In the meantime, Petitioner was recommitted as a technical parole violator and, in addition, faced revocation of the sentences of probation that he had received at Criminal Docket Nos. 1465 and 1467 of 1982. On February 5, 2004, the Honorable William R. Cunningham presided over a revocation hearing on the sentences of probation. (2/5/2004 Hr'g Tr. at 4). At that hearing, Petitioner was informed that if Judge Cunningham revoked his probation and imposed any new sentences, he could appeal that judgment of sentence within 30 days "or you would lose your right to appeal the case." (Id. at 3). The next day, on February 6, 2004, Judge Cunningham issued an order revoking the sentences of probation and sentencing Petitioner to 23 1/2 to 47 years' imprisonment. (See 2/6/2004 Hr'g Tr. at 17-19).
On or around January 5, 2004--about a month before he received his probation revocation sentence--Petitioner had filed another PCRA motion. (See SCR Item No. 186, Dandar, No. 662 WDA 2004, slip. op. at 2). The PCRA Court dismissed that motion as untimely on February 18, 2004. (Id.) Petitioner appealed and that appeal was docketed in the Superior Court at No. 662 WDA 2004. In its April 15, 2005, Memorandum affirming the denial of PCRA relief, the Superior Court noted that Petitioner had improperly raised claims regarding his February 6, 2004, judgment of sentence for the first time in his appeal of the denial of the January 2004 PCRA motion. (Id. at 2 n.1; see also SCR Item No. 195, Commonwealth v. Dandar, No. 888 WDA 2005, slip. op. at 2 n.2 (Pa.Super. Jan. 6, 2006)). The Superior Court held that claims challenging the February 6, 2004, judgment of sentence were not reviewable at that appeal, since Petitioner did not raise issues regarding that sentence in his January 2004 PCRA motion (nor could he have, as that judgment of sentence had not yet been issued when that PCRA motion was filed). (Id.)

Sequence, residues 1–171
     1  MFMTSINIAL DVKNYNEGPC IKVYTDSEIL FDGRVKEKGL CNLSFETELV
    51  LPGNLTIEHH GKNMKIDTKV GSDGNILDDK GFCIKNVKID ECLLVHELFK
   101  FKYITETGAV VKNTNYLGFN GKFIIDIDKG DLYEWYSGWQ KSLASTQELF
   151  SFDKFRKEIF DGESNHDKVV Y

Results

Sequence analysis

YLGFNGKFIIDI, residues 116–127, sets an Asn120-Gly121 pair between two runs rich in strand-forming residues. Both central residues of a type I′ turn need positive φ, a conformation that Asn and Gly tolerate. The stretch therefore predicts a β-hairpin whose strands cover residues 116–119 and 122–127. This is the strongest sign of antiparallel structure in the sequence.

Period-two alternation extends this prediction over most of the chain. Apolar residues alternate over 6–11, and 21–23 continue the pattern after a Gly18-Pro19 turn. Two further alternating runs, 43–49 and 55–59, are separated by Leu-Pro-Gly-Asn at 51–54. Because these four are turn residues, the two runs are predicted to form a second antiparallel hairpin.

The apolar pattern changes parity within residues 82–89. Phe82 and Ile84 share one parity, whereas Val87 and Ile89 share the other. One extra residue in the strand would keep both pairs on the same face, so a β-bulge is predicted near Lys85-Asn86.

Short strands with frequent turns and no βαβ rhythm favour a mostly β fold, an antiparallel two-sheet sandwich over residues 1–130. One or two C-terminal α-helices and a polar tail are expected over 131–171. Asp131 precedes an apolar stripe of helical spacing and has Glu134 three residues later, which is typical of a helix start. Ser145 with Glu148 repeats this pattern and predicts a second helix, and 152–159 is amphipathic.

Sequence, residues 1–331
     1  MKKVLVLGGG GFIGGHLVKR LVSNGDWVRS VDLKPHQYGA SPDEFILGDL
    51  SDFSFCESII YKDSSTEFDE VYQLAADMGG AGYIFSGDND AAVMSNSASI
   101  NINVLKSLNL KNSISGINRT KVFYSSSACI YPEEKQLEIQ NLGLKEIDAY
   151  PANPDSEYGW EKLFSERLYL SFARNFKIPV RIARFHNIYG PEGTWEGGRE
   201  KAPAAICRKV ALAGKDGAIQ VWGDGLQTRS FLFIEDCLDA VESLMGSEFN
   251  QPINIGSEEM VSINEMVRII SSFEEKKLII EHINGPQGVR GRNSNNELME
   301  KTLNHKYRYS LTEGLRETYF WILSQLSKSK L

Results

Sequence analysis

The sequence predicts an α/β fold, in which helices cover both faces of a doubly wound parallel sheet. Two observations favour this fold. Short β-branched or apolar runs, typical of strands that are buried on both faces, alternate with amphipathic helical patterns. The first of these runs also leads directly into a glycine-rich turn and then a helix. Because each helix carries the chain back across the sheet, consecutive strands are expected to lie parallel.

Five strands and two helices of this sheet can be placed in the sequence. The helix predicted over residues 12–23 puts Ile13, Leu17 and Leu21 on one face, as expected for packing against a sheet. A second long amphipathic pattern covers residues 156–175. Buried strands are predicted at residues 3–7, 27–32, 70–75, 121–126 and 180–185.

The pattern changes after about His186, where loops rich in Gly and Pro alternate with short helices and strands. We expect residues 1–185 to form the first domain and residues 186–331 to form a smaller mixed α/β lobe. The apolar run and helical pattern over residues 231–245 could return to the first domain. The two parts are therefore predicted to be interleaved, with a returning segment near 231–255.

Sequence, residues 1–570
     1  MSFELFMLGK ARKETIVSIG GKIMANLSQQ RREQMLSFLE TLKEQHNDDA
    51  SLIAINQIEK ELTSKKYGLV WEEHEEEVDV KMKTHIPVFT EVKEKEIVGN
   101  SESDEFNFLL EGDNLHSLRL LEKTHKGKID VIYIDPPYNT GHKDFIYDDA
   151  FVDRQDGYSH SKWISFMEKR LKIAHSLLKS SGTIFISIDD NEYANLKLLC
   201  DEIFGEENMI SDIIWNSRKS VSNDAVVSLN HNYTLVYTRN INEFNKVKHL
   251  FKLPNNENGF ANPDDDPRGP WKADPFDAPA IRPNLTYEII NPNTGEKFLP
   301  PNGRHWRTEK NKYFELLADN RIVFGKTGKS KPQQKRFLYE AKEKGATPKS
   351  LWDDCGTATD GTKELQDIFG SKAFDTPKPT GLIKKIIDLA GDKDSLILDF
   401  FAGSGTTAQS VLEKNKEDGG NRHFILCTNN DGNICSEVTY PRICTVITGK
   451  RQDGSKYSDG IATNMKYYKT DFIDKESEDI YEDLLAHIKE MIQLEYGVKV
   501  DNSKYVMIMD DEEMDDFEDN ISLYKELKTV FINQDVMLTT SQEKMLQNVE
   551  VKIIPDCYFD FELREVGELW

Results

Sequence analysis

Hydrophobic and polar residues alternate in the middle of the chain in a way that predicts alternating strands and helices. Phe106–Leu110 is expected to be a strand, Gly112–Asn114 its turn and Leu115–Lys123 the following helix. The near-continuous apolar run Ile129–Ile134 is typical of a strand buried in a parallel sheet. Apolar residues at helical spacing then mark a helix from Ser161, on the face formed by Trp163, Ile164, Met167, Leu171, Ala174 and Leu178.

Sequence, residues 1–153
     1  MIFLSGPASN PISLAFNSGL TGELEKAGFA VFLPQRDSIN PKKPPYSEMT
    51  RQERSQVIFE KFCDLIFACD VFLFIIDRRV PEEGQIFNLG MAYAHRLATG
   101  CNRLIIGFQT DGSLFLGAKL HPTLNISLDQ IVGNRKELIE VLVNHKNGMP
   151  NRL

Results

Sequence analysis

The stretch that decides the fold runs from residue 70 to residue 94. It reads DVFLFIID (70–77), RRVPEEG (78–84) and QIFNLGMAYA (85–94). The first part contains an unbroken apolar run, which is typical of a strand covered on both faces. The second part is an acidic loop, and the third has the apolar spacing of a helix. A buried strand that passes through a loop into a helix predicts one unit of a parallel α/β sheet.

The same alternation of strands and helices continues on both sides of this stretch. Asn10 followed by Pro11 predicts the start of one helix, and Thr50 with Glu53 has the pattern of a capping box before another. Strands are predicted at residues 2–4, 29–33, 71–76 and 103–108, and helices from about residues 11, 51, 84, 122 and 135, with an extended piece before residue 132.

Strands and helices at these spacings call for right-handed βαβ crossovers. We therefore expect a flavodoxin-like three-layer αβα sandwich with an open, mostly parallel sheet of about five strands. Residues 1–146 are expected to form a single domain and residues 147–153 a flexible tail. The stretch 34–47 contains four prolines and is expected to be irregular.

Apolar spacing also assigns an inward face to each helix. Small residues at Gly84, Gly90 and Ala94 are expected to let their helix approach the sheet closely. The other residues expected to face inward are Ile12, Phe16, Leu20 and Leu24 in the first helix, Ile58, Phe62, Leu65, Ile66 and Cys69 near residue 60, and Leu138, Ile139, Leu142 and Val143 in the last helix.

In April 2005, Petitioner filed an appeal challenging the February 6, 2004, probation revocation judgment of sentence and that appeal was docketed at the Superior Court at No. 888 WDA 2005. (See SCR Item No. 195, Dandar, No. 888 WDA 2005, slip. op. at 2). Then, on December 7, 2005, the Pennsylvania Supreme Court denied Petitioner's petition for allowance of appeal of the PCRA proceeding at Superior Court action No. 662 WDA 2004.
Next, on or around December 27, 2005, Petitioner initiated in this Court a habeas corpus action in which he challenged his February 6, 2004, probation revocation judgment of sentence. That action was docketed as Dandar v. Good, et al., 3:05-cv-00472 (W.D. Pa.) and assigned to Judge McLaughlin, who referred the case to me. Soon thereafter, on January 6, ...